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Nap Time!!!

Thursday, September 28, 2006
The surveyors are coming!!!

Some folks have been talking about this study which found that some seniors answered fewer questions right than some freshmen on some test about pointless factual details of American history.

Too bad The Daily Cal is statistically illiterate, or they might have pointed out the contradiction between this:
The study, which was conducted by researchers from the University of Connecticut, was based on questionnaires that were distributed to random samples of students at 50 college campuses across the country, Ratliff said.
and this:
[Danise Sugita], who was given the survey on campus last year and decided not to participate, said the questions were about specific details in American history that might not be relevant for students who are not specifically history majors.
But that's probably asking too much.
The study's implication that faculty are doing an inadequate job and that there should be a systematic focus on American civics threatens the autonomy of university faculty, [History department chair David Hollinger] said.

"I think it's part of a national move to put universities under pressure," he said.
Oh, noes! People are doing surveys! Academia is doomed!

posted by Beetle Aurora Drake 9/28/2006 10:32:00 AM #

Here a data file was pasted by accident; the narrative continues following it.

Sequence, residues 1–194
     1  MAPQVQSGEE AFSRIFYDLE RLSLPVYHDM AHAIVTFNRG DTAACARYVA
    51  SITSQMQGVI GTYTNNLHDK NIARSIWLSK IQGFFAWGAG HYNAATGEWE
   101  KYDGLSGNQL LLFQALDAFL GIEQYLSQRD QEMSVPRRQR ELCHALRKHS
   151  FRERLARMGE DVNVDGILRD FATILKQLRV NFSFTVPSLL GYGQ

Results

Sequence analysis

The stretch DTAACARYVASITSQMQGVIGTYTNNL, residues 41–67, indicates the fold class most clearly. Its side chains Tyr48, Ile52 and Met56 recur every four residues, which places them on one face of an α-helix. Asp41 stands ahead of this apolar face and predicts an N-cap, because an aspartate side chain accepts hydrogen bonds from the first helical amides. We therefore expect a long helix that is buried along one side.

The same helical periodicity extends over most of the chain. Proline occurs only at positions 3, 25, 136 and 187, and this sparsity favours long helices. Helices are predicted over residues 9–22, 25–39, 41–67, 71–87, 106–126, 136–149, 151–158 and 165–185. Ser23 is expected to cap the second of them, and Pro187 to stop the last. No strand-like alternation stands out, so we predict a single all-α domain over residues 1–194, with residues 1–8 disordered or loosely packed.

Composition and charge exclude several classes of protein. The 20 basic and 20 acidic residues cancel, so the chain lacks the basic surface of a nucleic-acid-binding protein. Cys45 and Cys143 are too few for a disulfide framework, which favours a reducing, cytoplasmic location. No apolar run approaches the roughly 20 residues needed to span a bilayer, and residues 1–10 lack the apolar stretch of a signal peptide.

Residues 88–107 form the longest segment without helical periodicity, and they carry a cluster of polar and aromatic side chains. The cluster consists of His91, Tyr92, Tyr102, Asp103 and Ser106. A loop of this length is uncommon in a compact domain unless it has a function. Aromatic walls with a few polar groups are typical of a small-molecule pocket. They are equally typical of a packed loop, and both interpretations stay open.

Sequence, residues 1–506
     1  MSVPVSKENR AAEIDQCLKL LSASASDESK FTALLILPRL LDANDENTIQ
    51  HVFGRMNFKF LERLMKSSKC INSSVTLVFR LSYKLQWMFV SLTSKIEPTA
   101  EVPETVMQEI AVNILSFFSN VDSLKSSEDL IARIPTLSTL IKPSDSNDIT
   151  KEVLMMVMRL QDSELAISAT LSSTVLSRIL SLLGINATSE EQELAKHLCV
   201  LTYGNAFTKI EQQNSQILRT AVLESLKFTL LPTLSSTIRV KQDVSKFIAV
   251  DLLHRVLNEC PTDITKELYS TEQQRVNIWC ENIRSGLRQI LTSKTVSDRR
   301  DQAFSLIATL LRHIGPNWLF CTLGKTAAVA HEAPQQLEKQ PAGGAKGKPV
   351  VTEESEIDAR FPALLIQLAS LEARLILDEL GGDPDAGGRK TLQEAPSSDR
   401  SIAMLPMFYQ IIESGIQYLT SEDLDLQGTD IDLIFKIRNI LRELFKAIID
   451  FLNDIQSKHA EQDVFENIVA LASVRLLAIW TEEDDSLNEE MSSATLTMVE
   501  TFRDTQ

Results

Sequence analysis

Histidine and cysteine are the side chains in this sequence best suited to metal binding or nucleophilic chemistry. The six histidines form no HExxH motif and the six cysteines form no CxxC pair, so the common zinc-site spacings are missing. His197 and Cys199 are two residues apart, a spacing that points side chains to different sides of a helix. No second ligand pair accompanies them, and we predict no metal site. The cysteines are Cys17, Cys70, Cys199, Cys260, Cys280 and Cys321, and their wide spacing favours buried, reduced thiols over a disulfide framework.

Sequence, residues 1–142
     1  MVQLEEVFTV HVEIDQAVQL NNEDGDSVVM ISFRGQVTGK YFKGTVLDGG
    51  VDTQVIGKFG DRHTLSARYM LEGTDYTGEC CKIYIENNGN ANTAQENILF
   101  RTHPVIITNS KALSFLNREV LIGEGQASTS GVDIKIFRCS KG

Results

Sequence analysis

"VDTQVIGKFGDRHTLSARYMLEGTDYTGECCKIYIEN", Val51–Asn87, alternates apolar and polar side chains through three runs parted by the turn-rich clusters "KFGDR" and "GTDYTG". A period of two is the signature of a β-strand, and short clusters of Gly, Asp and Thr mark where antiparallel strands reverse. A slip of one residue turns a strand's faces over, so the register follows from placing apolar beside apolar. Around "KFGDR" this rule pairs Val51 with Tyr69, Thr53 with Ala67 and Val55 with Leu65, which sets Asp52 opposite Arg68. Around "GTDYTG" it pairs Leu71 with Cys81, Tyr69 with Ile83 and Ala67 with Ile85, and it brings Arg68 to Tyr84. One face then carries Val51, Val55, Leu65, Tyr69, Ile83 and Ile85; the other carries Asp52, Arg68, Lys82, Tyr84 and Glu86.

Comments (8)
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i don't really see the contradiction. a randomly selected student could easily have chosen not to participate. personally i think the headline is more worth making fun of. students lost their civics knowledge? when, two weeks ago? where can they find it?
if they choose whether to participate, they are self-selected.
makes sense, though the initial process of narrowing down the students could still have been random. i'm not a stats major, however.
Based on the knowledge that hasn't leaked from my brain since Stat 20, a refusal to decline is only significant if the people who are declining will score outside the random sample. If I were to take a guess, I would say that those who would score poorly would be more likely to decline to participate, which would actually push reported scores UP.
That's an enormous stretch. Supergeniuses, such as myself, would not lower themselves to answering questions from one of the inferior lifeforms that surveyors are.

While you're correct that if refusals occurred randomly, it wouldn't matter, but it's the burden of a person doing a study to show that it's the case. One doesn't do statistical research by saying "assume my sample is random." They have to show it.
Even at our lowest test level (54.8%) Berkeley students scored higher then 7 of the top 10 schools in the study.
The point of the article is that we're not improving. I'm wondering along with Beetle when civics became a responsibility of college rather than a, I dunno, responsibility of high school?
I dun mind seeing civics as a responsibility of college. We're pretty stupid in high school and probably can't understand such things as well as we need to. What I do mind is the definition of "civics" that includes pointless historical details. I would expect such things to fade in time.
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